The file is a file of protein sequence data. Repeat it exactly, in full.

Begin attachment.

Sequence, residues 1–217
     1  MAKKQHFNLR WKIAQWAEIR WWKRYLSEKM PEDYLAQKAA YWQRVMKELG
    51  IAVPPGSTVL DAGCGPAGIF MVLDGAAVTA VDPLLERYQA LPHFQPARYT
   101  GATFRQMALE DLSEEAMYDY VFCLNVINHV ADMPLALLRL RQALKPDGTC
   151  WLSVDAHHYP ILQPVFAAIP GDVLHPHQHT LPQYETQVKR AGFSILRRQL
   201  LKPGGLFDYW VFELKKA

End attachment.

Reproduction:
Sequence, residues 1–217
     1  MAKKQHFNLR WKIAQWAEIR WWKRYLSEKM PEDYLAQKAA YWQRVMKELG
    51  IAVPPGSTVL DAGCGPAGIF MVLDGAAVTA VDPLLERYQA LPHFQPARYT
   101  GATFRQMALE DLSEEAMYDY VFCLNVINHV ADMPLALLRL RQALKPDGTC
   151  WLSVDAHHYP ILQPVFAAIP GDVLHPHQHT LPQYETQVKR AGFSILRRQL
   201  LKPGGLFDYW VFELKKA